Developers appreciate a good debugger and they'll like the one integrated in Oracle JDeveloper 10g. It offers not only standard features but also permits the ex-post handling of variable contents; hot-swap debugging (recompiling during debugging); and remote debugging of servlets, JSPs, and EJBs. It can even debug PL/SQL in the Oracle database.

Figure 3. The PL/SQL-debugger: This image shows the PL/SQL-debugger.

Oracle JDeveloper 10g features an improved support for version control systems—a weak point in previous releases. You can configure a connection to a CVS Server with a few steps and check in and out any necessary modules. You can also use other popular connection types such as pserver or ssh. Sources under version control are indicated via an icon that shows their actual state (in-sync with the Repository, deleted, added, or edited). The history of each source is available, and a small diff tool is included. In addition to CVS, ClearCase and Oracle SCM are supported. Though the new CVS features are nice, there still needs to be some bugfixing for special kinds of files under version control, like UML metadata and bc4j configuration files.

Hardly any application works without a database, so Oracle JDeveloper 10g offers DB tooling within the IDE. It can connect to any database with a JDBC-driver. There are no restrictions to using Oracle databases—you can browse schemas, tables, views, triggers, synonyms, sequences, packages, functions, Java classes, and object types through these connections. You can use wizards to create, delete, or change database objects. For tables/views, the data can be shown in a table form—unfortunately lacking a direct edit function. SQL commands can be executed in the SQL worksheet. There is outstanding support for handling PL/SQL code with syntax highlighting and direct PL/SQL debugging in the IDE.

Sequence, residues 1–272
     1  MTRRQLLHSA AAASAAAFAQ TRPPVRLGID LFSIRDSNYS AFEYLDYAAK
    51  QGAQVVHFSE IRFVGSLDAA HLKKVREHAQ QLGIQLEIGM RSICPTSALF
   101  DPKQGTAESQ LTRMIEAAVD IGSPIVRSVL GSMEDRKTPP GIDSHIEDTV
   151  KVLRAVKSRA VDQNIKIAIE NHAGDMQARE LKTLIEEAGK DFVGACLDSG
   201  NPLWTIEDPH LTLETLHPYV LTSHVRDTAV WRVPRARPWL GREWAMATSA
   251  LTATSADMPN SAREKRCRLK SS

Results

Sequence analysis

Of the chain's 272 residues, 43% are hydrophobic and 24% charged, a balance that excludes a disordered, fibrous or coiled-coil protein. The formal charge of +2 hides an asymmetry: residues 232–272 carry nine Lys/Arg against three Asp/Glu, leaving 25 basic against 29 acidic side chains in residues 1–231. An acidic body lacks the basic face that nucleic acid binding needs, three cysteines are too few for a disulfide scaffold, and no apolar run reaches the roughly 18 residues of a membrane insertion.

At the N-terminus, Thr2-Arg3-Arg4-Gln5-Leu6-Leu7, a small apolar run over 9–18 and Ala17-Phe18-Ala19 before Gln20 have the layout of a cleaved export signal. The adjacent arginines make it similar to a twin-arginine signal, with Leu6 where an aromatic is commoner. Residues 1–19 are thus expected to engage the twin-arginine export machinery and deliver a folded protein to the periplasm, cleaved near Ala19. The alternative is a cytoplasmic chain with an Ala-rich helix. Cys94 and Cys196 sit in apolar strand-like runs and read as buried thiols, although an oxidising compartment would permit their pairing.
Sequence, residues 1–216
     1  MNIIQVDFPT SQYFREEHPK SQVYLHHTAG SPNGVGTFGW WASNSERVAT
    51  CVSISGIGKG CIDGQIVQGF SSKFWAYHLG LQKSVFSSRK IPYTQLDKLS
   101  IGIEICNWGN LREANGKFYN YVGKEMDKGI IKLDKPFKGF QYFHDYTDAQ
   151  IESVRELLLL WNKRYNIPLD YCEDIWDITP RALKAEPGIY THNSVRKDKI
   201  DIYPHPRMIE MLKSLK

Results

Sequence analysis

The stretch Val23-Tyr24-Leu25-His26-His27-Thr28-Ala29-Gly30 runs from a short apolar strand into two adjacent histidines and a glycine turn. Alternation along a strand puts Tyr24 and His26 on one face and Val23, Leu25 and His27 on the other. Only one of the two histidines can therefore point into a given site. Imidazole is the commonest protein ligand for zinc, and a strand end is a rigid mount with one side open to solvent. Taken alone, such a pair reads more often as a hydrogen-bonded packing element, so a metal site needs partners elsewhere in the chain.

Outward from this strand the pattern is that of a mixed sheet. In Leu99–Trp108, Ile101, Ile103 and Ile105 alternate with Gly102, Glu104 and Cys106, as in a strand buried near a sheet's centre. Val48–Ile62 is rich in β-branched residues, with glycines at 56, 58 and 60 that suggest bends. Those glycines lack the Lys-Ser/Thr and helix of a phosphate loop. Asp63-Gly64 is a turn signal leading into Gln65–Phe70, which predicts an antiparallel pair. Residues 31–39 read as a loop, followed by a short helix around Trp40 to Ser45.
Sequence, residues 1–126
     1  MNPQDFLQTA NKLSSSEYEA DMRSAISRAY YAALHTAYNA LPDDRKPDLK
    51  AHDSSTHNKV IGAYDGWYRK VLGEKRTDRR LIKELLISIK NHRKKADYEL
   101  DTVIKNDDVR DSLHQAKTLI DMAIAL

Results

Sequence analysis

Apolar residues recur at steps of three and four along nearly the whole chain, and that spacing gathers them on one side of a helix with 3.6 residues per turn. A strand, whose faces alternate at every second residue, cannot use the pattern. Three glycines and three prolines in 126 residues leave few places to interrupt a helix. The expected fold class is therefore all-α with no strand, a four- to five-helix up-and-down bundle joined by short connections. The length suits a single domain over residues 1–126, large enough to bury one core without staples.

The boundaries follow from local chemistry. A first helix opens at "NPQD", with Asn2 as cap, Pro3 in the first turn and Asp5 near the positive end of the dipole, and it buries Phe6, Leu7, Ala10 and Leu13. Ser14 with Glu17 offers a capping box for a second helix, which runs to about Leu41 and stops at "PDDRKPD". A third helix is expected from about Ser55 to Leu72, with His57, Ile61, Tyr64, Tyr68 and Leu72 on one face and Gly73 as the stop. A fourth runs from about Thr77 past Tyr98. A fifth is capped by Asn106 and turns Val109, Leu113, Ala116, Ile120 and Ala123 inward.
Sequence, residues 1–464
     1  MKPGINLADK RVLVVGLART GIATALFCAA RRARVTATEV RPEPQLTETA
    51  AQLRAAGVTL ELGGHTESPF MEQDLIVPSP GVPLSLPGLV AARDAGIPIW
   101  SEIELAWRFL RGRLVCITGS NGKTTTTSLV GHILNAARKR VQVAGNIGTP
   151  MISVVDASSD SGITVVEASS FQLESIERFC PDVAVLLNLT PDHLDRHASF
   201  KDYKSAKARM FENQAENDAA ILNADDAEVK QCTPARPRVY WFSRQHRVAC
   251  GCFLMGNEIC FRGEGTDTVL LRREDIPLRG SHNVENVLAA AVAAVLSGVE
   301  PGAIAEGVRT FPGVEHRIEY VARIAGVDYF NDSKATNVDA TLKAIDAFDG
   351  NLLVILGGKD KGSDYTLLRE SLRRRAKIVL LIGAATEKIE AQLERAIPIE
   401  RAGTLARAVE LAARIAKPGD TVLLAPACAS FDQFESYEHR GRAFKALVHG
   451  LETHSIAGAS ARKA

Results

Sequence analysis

Modelling functionality has also been enhanced in Oracle JDeveloper 10g, with adequate editors for the most important UML diagrams (including class-, activity-, and use-case diagrams). In addition, Oracle JDeveloper 10g introduces the first Model Driven Architecture (MDA) aspects into the program: You can now transform UML class diagrams, which are implementation-neutral, into Java class diagrams. Further transformations will be in future versions. A two-way synchronization between Java class diagrams and code is implemented, as well. You can even graphically model EJBs, Web services, and database tables. However, Oracle JDeveloper 10g does not yet completely support UML.

Most of JDeveloper's features are built as extensions, or plug-ins, in Oracle JDeveloper 10g, and can be configured via the extension manager. Turning off unnecessary extensions not only streamlines the IDE but also protects less-experienced developers from feature overload. This allows them to be slowly introduced to the entire complexity of J2EE in their daily work—a wise approach in the J2EE world. The extension mechanism corresponds to the accepted JSR #198, which currently has the status of Expert Group Formation.